Despite a $450 price tag, a limited-edition line of rose-gold-colored metal Starbucks gift cards sold out Friday in less time than it takes to order a latte.
The offering marked the second year the coffee chain has partnered with high-end daily deal site Gilt.com to sell the cards. With only 1,000 cards available, the deal was the more exclusive of the two.
"It took just seconds this year to sell out, which was phenomenal," said Alexis Maybank, Gilt Groupe co-founder and chief business development and strategy officer.
"We call them shopping athletes for a reason," she said. "Our customers are savvy and fast, and they were refreshing the page constantly. ... The second it opened up, they bought it,"
When the sale went live at noon, Maybank said, Gilt.com's hits per minute beat those on Cyber Monday by nearly 2.5 times. Within 30 minutes, more than 11,000 people had tried to get on a wait-list for the card.
About 500 cards were available to general Gilt.com members. About 400 had been made available a bit earlier to people who had achieved gold status in Starbucks' loyalty program; about 100 were sold accidentally when a link prematurely went live on Gilt on Thursday, according to Linda Mills, Starbucks' director of retail brand public relations.
Some would-be buyers took to Twitter to express their frustration at not being able to score a card.
This holiday season, Starbucks will be looking to repeat last year's performance, which CEO Howard Schultz called "stunning and almost unbelievable" on its fiscal first-quarter earnings call.
"Our Starbucks card had its best holiday season in history, as measured by any metric, with more than $1 billion loaded during Q1, the most ever loaded onto any kind of Starbucks card," he said according to the call transcript, provided by Morningstar. "Mobile e-gifting also delivered record holiday results, with the most popular days for e-gifting being Christmas Eve and Christmas Day.
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Each card comes with $400 preloaded and gold status in Starbucks' loyalty program. The card is slightly unusual in that it sells for more than the merchandise value.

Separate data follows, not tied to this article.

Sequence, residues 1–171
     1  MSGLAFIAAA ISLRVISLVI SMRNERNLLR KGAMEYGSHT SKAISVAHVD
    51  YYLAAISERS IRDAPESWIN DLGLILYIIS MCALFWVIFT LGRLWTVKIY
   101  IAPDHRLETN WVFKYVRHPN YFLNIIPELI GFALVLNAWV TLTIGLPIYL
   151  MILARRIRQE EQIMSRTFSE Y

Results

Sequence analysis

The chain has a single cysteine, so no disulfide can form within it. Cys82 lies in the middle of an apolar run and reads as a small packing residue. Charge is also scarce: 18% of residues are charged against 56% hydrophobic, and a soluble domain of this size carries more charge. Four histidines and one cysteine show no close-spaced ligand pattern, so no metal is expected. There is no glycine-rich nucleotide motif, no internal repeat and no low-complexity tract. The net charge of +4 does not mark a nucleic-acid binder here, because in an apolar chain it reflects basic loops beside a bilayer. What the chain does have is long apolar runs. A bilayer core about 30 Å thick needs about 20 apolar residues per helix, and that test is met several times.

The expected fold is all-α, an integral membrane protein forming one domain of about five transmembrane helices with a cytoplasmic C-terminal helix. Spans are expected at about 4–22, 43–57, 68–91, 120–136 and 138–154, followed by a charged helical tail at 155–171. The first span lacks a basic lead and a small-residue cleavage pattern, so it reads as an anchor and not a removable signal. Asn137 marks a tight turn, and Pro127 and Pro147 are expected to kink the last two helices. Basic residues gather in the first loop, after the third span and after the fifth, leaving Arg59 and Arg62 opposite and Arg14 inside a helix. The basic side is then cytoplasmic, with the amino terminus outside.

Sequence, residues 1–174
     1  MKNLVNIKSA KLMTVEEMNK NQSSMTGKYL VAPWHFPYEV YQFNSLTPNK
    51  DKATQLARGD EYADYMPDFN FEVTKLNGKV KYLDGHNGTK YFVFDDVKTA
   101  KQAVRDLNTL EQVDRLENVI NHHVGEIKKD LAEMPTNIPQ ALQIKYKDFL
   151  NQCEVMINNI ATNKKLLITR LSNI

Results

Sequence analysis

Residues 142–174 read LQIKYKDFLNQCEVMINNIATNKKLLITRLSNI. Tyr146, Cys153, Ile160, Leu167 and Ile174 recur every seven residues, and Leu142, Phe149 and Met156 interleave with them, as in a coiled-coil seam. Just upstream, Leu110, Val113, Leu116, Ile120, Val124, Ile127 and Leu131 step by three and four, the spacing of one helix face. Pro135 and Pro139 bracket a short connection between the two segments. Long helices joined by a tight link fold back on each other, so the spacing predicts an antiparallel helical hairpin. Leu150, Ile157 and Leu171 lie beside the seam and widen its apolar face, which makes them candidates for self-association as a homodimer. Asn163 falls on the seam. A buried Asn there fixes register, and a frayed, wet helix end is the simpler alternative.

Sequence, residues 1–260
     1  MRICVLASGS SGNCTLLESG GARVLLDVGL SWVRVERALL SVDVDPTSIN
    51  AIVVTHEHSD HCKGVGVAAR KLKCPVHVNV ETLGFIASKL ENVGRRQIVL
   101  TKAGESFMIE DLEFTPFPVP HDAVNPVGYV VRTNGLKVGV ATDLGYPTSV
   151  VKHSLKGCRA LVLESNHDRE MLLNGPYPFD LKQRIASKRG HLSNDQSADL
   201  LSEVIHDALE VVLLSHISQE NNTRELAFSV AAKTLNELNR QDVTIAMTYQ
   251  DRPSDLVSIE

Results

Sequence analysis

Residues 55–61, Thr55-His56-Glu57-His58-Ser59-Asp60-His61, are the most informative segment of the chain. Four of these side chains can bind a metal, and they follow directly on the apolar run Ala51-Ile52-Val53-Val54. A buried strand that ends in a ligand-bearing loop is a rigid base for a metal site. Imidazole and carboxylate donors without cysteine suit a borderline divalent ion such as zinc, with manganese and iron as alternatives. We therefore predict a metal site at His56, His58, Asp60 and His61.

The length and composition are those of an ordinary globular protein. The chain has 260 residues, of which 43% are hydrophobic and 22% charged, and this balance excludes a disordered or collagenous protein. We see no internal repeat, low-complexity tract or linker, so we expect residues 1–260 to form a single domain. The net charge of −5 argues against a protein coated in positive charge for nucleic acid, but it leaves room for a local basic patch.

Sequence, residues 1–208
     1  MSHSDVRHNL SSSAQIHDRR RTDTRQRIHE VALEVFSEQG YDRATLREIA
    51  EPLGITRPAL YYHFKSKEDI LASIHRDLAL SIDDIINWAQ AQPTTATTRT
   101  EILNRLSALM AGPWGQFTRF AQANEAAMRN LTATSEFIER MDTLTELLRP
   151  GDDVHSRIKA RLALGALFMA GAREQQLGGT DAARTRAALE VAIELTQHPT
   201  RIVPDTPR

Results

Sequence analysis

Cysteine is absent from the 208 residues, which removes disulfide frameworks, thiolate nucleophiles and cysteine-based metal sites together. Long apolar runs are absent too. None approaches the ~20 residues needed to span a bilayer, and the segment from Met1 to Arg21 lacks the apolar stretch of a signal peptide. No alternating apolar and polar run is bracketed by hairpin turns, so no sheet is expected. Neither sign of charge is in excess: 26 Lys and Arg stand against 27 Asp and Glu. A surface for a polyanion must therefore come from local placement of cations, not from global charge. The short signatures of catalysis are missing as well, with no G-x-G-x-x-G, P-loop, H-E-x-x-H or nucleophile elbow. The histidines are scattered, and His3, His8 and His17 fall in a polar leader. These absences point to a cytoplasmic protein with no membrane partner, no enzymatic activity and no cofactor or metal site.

Mills attributed the price differential to the premium nature of the rose-gold card—a color Starbucks chose to project exclusivity. (The card does not contain gold.)
"It actually costs us more than $50 to produce this card," she said. "That's what you're paying for—the quality of the card itself."
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Last year, customers snapped up the limited-edition cards—which also cost $450—in about six minutes.
"We absolutely exceeded our wildest expectations," Mills said of the sale in 2012. "It was the first time that we did it. We went out on a limb to see if people would value the card, and they did."
While Mills could not say what percentage of Starbucks gift card sales were represented by last year's steel cards, she said that roughly 10 percent of Americans received a Starbucks gift card for the holidays.
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Those who weren't quick enough to snap up a card shouldn't fret. Even before the sale opened to the general public, a handful of cards were available on eBay from sellers saying they already had confirmed orders for the cards.
If 2012 is any indication, this year's cards could eventually fetch steep prices. Many of the 5,000 stainless-steel cards later sold for multiples of the original price on eBay.
—By CNBC's Katie Little. Follow her on Twitter @KatieLittle
Correction: This story has been updated to reflect that the Startbucks rose-gold-colored gift card does not contain gold.